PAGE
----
Emperor Valentinian II is assassinated while advancing into Gaul against the Frankish usurper Arbogast. He is found hanging in his residence at Vienne

Emperor Valentinian II is assassinated while advancing into Gaul against the Frankish usurper Arbogast. He is found hanging in his residence at Vienne

15 May 392 AC

Flavius Valentinianus (371 – 15 May 392), commonly known as Valentinian II, was Roman Emperor from AD 375 to 392.

 

Reign from Vienne (388–392)

After the defeat of Maximus, Theodosius remained in Milan until 391. Valentinian took no part in Theodosius's triumphal celebrations over Maximus. Valentinian and his court were installed at Vienne in Gaul, while Theodosius appointed key administrators in the West and had coins minted, which implied his guardianship over the 17 year old. Justina had already died, and Vienne was far away from the influence of Ambrose. Theodosius's trusted general, the Frank Arbogast, was appointed magister militum for the Western provinces (bar Africa) and guardian of Valentinian. Acting in the name of Valentinian, Arbogast was actually subordinate only to Theodosius. While the general campaigned successfully on the Rhine, the young emperor remained at Vienne, in contrast to his warrior father and his older brother, who had campaigned at his age. Arbogast's domination over the emperor was considerable, and the general even murdered Harmonius, a friend of Valentinian suspected of taking bribes, in the emperor's presence.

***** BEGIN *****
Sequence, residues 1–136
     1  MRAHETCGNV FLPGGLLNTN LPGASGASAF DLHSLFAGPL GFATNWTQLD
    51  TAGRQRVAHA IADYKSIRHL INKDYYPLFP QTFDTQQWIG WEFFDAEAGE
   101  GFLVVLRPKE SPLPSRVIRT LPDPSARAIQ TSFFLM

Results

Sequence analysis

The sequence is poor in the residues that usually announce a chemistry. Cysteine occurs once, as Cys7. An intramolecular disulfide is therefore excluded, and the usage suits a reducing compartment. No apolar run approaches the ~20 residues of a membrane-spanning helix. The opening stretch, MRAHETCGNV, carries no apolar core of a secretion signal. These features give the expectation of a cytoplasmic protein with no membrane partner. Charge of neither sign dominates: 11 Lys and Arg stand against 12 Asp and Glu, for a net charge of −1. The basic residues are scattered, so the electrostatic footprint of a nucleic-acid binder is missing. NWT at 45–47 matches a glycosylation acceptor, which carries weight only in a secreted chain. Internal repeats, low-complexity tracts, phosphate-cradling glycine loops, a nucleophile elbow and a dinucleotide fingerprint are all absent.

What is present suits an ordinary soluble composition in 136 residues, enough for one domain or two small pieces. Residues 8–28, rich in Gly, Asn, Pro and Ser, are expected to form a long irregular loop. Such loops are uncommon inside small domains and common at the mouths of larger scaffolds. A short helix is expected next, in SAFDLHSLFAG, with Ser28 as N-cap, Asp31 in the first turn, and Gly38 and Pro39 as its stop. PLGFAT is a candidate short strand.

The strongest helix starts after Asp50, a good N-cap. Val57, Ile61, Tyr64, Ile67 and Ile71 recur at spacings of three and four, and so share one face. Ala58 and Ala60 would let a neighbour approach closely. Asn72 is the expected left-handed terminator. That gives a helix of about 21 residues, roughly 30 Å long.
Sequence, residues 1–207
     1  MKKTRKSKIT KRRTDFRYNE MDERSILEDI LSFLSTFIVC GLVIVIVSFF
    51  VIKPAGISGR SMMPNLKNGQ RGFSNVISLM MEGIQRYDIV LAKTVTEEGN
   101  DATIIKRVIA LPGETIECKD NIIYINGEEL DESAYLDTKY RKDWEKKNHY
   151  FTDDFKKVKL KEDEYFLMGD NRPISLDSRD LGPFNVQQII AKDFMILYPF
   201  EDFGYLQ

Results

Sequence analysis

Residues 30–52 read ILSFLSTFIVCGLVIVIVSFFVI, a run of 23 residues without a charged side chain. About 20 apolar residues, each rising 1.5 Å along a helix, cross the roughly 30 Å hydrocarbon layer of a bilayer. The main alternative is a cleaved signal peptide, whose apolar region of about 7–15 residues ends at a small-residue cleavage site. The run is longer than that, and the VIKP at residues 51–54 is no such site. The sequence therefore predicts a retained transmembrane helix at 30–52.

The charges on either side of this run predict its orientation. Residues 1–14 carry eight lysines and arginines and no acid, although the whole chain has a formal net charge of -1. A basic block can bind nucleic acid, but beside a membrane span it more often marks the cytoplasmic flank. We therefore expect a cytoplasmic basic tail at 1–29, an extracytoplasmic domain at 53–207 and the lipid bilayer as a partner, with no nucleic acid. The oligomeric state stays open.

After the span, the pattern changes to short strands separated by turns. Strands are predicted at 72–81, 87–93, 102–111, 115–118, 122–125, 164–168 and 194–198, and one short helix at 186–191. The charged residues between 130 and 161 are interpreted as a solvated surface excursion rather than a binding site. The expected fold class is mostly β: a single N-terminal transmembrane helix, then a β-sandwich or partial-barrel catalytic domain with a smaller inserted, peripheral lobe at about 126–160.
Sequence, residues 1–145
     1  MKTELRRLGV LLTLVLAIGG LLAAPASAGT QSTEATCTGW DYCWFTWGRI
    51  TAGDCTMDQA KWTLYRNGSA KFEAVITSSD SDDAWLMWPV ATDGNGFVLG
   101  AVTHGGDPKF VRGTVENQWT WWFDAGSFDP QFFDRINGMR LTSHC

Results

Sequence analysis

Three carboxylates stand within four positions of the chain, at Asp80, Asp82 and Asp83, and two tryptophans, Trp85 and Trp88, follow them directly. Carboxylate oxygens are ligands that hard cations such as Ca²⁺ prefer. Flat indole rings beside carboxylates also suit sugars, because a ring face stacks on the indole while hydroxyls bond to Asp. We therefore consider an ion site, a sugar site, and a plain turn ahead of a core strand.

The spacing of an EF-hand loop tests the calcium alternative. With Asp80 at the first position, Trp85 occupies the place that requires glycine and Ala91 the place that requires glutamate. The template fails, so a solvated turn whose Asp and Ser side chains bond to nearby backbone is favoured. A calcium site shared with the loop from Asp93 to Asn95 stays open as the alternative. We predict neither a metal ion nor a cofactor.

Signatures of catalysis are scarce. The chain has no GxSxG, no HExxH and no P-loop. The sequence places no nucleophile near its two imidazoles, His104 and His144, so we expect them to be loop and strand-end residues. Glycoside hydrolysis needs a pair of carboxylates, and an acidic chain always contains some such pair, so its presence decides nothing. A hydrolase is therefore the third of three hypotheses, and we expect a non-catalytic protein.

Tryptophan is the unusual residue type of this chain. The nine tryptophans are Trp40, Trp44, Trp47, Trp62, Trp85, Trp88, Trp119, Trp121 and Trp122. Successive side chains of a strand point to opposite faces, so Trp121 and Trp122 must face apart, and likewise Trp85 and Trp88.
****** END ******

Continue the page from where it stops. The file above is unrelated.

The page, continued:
The crisis reached a peak when Arbogast prohibited the emperor from leading the Gallic armies into Italy to oppose a barbarian threat. Valentinian, in response, formally dismissed Arbogast. The latter ignored the order, publicly tearing it up and arguing that Valentinian had not appointed him in the first place. The reality of where the power lay was openly displayed. Valentinian wrote to Theodosius and Ambrose complaining of his subordination to his general. In explicit rejection of his earlier Arianism, he invited Ambrose to come to Vienne to baptize him.

 

On 15 May 392, Valentinian was found hanged in his residence in Vienne. Arbogast maintained that the emperor’s death was suicide. Zosimus writing in the early sixth century from Constantinople, states that the Frank had Valentinian murdered, ancient authorities are divided in their opinion. Ambrose's eulogy is the only contemporary Western source for Valentinian's death. It is ambiguous on the question of the emperor's death, which is not surprising, as Ambrose represents him as a model of Christian virtue. Suicide, not murder, would make the bishop dissemble on this key question.

 

The young man’s body was conveyed in ceremony to Milan for burial by Ambrose, mourned by his sisters Justa and Grata. He was laid in a porphyry sarcophagus next to his brother Gratian, most probably in the Chapel of Sant'Aquilino attached to San Lorenzo.

 

At first Arbogast recognized Theodosius's son Arcadius as emperor in the West, seemingly surprised by his charge's death. After three months, during which he had no communication from Theodosius, Arbogast selected an imperial official, Eugenius, as emperor. Theodosius initially tolerated this regime but, in January 393, elevated the eight-year-old Honorius as augustus to succeed Valentinian II. Civil war ensued and, in 394, Theodosius defeated Eugenius and Arbogast.